31 October 2010

150 (97-99)

97.  Here the psalmist speaks of being pushed along by nature to realize that righteousness fits into, is implanted into, the garden of God's desire.  "Light is sown for the righteous, gladness for the upright in heart.  Be glad in the Eternal, ye righteous:  give thanks to the remembrance of God's holiness."

People have a hard time grasping holiness but can generally relate to righteousness.  Though not too much righteousness.  Which is why "sowing light" is an interesting idea.  Because light that blooms, to push the metaphor, from the earth, creates interesting possibilities.

98.  "Do me a favor:  get out of my way."  God saves for his own sake; he is satisfied by his own work.  "His right hand and His holy arm hath wrought salvation for Him."  Really, we're pawns in the game, a realization that requires a heavy dose of humility.  Line up, do what's right, obey.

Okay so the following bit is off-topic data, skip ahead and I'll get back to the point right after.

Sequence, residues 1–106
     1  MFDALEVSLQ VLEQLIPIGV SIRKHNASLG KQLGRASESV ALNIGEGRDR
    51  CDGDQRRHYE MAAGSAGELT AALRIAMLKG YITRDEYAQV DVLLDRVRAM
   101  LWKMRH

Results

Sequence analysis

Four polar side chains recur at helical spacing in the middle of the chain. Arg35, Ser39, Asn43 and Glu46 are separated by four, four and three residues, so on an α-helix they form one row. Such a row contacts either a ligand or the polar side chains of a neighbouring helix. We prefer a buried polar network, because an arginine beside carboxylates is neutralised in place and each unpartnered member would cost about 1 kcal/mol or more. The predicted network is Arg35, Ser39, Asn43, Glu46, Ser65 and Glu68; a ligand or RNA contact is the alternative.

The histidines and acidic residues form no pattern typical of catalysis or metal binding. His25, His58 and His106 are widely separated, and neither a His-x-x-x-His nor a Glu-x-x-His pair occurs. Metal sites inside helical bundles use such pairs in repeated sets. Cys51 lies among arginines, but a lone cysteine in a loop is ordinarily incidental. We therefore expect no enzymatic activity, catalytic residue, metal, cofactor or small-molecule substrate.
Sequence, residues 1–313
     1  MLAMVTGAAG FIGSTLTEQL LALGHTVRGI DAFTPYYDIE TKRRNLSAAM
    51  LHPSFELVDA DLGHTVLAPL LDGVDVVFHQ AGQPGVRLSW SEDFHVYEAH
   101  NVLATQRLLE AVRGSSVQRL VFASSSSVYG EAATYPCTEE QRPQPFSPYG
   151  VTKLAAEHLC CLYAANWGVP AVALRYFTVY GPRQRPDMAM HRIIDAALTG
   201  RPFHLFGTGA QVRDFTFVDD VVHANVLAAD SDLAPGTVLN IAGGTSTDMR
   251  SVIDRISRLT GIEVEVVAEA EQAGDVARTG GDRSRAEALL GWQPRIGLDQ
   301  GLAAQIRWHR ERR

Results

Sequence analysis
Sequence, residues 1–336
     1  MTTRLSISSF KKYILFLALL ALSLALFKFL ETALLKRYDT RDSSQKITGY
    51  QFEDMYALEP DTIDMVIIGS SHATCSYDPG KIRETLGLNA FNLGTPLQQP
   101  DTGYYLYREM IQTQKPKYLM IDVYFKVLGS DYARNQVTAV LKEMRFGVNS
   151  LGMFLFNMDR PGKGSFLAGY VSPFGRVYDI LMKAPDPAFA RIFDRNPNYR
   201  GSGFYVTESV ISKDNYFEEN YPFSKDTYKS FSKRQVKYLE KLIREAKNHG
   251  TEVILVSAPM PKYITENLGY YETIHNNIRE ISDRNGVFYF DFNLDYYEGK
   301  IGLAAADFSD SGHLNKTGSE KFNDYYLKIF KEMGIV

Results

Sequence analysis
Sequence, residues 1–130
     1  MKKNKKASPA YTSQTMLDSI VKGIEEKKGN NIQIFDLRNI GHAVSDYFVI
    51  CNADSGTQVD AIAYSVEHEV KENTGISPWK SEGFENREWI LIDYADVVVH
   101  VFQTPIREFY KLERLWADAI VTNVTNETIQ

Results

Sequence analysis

I always think of the Mekons song, "Authority" when I encounter this aspect of my faith:  "I obey.  I am myself.  Freedom.  Power.  Authority."  In our age, certainly among liberal believers, authority is problematic.  But this hurts the cause, creating a faith predicated on too much feeling and ego and not enough humility. 

"Ashamed be all they that serve graven images.  That boast themselves of things of nought."  Really?  That's not what I see--though it would be nice if that were true.  "Bow down to Him, all ye gods."

In a way, this really is the point, which, arguably, is why religion just isn't for everyone.

99.  "The Eternal is great in Zion.  God is high above all the peoples."  I run up the back hill in Prospect Park and I'm proud of that achievement each time.  But when I run up the back hill on Mount Zion in Jerusalem, I'm really proud.  It's a bigger hill in so many ways.

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